The type 2 charging standard defines a minimum charging current of 6A. No charging takes place below this value. In three-phase operation, the minimum charging power is thus approximately 4.1 kW. PV systems cannot always ensure this power, so energy must be drawn from the grid. A 2-pole contactor can be connected to the WARP Energy Manager, which can automatically switch from three-phase operation to single-phase operation. This reduces the minimum charging power to approximately 1.4 kW, making it possible to carry out charging processes with lower power without additional grid connection. As it is never allowed to simply switch off phases during an active charging process, the WARP Energy Manager takes over the switching and guarantees safe operation. The contactor is monitored by the Energy Manager, so malfunctions can be quickly detected.


External loads can be controlled through a built-in relay (max 30V/1A). The user can define when the relay switches. For example, it can be activated when a certain amount of power is left over.


The WARP Energy Manager has two inputs for potential-free contacts. If a phase switching (see above) is to be realized, one input is used to monitor the contactor. Otherwise, both inputs can be assigned functions by the user. For example, limiting the charging current is possible or charging processes can be blocked depending on input state.

Networking with LAN (and WIFI)

The WARP Energy Manager is equipped with an internal ESP32 Ethernet Brick and should be installed in the distribution box. It has WLAN and opens a WLAN access point that can be used for configuration. We recommend using the LAN interface for communication with the wallboxes.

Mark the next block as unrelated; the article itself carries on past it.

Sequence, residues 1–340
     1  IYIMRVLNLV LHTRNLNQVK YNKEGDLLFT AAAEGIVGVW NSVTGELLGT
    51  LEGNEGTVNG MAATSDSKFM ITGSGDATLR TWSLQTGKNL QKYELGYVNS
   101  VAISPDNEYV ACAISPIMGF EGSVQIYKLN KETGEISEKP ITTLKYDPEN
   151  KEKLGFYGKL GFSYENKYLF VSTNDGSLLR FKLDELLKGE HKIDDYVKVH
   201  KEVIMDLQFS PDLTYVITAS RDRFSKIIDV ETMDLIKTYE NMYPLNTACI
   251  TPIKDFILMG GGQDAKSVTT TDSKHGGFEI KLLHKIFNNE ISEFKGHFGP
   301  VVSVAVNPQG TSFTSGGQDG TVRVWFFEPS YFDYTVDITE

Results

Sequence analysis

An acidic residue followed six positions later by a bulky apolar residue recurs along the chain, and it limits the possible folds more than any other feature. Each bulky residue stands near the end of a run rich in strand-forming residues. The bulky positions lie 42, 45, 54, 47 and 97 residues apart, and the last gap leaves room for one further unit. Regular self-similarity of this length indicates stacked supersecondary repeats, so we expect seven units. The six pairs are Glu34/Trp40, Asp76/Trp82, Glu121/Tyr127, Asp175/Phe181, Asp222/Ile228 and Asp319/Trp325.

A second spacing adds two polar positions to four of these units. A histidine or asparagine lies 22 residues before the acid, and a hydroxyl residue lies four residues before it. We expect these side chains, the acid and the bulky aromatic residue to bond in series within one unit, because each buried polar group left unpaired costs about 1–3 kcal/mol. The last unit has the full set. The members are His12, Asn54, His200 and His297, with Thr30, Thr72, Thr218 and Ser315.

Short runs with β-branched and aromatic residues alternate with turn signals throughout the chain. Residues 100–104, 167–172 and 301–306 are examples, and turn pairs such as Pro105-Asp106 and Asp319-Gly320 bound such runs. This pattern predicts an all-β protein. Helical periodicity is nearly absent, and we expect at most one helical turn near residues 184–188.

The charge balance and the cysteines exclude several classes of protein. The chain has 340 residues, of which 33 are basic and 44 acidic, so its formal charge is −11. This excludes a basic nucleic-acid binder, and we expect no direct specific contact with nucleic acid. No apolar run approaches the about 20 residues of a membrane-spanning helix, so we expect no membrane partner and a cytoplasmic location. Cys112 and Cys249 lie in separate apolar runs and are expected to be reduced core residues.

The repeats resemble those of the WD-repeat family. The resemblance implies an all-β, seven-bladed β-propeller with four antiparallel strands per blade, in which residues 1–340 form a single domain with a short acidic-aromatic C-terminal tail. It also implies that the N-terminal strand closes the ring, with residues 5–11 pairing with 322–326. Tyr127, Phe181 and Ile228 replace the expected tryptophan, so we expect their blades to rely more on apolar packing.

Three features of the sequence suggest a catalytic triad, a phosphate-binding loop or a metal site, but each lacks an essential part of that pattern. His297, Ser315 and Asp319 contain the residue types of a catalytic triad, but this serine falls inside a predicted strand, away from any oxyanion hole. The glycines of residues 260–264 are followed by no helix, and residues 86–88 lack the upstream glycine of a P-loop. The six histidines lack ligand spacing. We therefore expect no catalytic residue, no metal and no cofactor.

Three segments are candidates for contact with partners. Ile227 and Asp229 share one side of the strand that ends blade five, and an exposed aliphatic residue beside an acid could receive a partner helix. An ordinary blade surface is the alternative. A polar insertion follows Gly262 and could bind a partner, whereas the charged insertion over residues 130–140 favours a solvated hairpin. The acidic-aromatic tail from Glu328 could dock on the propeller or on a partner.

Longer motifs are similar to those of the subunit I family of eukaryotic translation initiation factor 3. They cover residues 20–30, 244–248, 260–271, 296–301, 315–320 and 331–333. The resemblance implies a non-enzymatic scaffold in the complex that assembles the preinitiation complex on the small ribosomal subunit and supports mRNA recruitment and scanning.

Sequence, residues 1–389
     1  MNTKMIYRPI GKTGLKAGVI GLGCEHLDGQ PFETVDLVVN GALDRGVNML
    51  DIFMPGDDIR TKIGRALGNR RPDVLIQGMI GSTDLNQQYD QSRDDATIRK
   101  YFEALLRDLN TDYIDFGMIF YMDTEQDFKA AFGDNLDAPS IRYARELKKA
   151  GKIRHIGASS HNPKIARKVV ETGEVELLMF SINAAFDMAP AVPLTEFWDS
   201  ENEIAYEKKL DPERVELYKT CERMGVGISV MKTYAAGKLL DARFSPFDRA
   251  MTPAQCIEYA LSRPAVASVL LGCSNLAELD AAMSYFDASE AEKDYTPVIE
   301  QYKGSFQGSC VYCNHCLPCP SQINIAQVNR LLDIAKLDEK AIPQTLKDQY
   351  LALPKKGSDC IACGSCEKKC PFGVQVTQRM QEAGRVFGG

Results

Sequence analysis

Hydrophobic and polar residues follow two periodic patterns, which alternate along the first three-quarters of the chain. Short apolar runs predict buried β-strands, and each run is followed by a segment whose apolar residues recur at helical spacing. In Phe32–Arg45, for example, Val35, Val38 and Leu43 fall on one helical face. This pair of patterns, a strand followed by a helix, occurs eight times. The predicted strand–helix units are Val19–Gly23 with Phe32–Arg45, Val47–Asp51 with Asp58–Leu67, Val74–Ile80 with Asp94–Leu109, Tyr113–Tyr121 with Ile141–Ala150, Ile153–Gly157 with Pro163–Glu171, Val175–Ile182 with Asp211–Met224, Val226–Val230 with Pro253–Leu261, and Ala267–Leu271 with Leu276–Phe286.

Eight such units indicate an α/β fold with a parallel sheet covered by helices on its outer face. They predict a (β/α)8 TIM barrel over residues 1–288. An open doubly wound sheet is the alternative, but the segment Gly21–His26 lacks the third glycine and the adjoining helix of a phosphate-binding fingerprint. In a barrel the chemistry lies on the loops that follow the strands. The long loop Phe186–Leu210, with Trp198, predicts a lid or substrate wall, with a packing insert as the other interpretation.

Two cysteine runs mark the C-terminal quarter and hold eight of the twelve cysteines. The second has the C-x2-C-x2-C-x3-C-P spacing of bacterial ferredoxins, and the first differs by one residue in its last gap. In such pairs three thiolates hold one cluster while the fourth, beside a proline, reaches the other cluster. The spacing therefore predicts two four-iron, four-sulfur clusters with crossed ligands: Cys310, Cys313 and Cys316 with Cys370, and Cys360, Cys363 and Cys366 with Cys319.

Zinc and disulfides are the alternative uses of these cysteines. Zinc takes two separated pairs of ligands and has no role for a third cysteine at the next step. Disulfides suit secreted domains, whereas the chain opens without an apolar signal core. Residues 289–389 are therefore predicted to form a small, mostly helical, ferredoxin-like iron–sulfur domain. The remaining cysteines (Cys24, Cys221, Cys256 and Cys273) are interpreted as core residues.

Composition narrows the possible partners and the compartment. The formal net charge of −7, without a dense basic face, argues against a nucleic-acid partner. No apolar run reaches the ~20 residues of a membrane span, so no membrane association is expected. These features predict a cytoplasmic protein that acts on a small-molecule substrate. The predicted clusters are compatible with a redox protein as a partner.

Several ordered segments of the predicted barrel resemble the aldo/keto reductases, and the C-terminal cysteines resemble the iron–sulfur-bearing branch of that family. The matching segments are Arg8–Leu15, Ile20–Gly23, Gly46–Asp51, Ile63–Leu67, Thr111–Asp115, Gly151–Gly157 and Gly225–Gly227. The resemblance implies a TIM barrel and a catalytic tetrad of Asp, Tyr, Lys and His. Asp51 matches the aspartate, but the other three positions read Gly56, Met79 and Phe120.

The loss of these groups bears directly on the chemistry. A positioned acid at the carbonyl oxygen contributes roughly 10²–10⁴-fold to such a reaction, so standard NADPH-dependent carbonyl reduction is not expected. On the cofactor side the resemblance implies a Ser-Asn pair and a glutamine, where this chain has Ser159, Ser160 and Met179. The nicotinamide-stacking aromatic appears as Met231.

As is customary with us, the WARP Energy Manager has an open API. Through this API, the Energy Manager can be controlled, but it is also possible to transmit meter values via this interface, such that no RS485 power meter is required.


Software-wise, several additional features are already in progress or planned for the future. In the following we will give you an overview of the functions the WARP Energy Manager will take on in the future.

Energy Analysis

The WARP Energy Manager is equipped with 8GB of internal flash memory. It records data from power meters and charging processes internally. A cloud connection is not necessary. This makes the WARP Energy Manager independent, and the data stays with you. This data can be visualized locally on the Energy Manager. You can view the data in hourly, daily, monthly, and yearly views, allowing you to analyze and optimize your energy consumption. This feature is still being worked on and is scheduled to be released in the next two weeks.

Dynamic load management

The WARP Energy Manager will support dynamic load management, unlike the existing static load management. In dynamic load management, a fixed value for the maximum phase current is not specified (static); instead, a meter is used to determine the current per phase and calculate how much power is still available (dynamic). For example, this ensures that a power connection designed for 63A is never overloaded. The WARP Energy Manager regulates the wallboxes so that the 63A limit is not exceeded. It takes into account that other connected devices can be switched on and off arbitrarily, causing the current to change constantly. This is useful when a specific current for the wallboxes cannot be guaranteed at all times.

Central user management incl. NFC

Currently each WARP2 Smart or Pro wallbox has its own user management system. If a user wants to charge their vehicle using their NFC tag at multiple wallboxes, they have to teach the tag to each box individually. In the future, the WARP Energy Manager is intended to serve as a central management interface where wallbox users can be managed centrally.